Isomer specific product detection in the reaction of CH with acrolein



Publication Details

Lockyear, J. F., Welz, O., Savee, J. D., Goulay, F., Trevitt, A. J., Taatjes, C. A., Osborn, D. L. & Leone, S. R. (2013). Isomer specific product detection in the reaction of CH with acrolein. The Journal of Physical Chemistry Part A: Molecules, Spectroscopy, Kinetics, Environment and General Theory, 117 (43), 11013-11026.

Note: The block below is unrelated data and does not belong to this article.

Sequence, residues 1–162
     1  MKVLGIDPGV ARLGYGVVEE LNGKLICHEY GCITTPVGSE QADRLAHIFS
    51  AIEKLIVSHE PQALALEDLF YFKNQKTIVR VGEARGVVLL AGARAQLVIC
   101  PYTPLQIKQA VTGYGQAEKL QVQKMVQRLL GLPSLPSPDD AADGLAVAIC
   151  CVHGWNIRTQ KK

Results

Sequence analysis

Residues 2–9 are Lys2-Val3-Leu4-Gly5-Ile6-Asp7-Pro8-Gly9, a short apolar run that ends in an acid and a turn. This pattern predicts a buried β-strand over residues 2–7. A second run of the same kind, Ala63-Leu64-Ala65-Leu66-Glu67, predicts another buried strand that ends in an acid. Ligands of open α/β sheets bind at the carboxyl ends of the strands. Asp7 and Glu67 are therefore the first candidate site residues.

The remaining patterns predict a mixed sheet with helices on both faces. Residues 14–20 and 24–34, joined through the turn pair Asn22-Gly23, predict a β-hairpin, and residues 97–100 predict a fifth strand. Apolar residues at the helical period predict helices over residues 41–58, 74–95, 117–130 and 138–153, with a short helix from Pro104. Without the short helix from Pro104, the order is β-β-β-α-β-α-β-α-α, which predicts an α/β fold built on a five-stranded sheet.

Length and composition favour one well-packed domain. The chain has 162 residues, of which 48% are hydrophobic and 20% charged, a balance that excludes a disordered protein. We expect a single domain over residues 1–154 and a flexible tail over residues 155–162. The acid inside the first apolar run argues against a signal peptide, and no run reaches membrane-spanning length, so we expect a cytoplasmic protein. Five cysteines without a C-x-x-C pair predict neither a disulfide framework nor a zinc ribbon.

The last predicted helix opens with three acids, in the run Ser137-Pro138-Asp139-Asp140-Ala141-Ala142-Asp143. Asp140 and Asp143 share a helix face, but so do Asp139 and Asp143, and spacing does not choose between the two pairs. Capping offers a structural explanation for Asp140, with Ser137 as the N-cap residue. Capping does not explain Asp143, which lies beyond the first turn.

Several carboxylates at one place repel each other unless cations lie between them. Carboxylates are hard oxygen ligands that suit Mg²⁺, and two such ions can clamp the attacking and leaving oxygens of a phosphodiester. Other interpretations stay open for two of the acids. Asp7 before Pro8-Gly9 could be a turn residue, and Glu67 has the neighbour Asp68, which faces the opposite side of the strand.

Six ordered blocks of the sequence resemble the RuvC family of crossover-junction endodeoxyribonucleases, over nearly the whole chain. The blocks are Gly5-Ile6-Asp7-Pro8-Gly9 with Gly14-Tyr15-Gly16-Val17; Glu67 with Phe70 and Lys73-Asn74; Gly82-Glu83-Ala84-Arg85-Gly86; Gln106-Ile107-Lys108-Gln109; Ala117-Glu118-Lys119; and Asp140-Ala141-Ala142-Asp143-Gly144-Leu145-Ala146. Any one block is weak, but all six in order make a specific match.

The products formed in the reaction between the methylidene radical (CH) and acrolein (CH2═CHCHO) are probed at 4 Torr and 298 K employing tunable vacuum-ultraviolet synchrotron light and multiplexed photoionization mass-spectrometry. The data suggest a principal exit channel of H loss from the adduct to yield C4H4O, accounting for (78 ± 10)% of the products. Examination of the photoionization spectra measured upon reaction of both CH and CD with acrolein reveals that the isomeric composition of the C4H4O product is (60 ± 12)% 1,3-butadienal and (17 ± 10)% furan. The remaining 23% of the possible C4H4O products cannot be accurately distinguished without more reliable photoionization spectra of the possible product isomers but most likely involves oxygenated butyne species. In addition, C2H2O and C3H4 are detected, which account for (14 ± 10)% and (8 +10, −8)% of the products, respectively. The C2H2O photoionization spectrum matches that of ketene and the C3H4 signal is composed of (24 ± 14)% allene and (76 ± 22)% propyne, with an upper limit of 8% placed on the cyclopropene contribution. The reactive potential energy surface is also investigated computationally, and specific rate coefficients are calculated with RRKM theory. These calculations predict overall branching fractions for 1,3-butadienal and furan of 27% and 12%, respectively, in agreement with the experimental results. In contrast, the calculations predict a prominent CO + 2-methylvinyl product channel that is at most a minor channel according to the experimental results. Studies with the CD radical strongly suggest that the title reaction proceeds predominantly via cycloaddition of the radical onto the C═O bond of acrolein, with cycloaddition to the C═C bond being the second most probable reactive mechanism.

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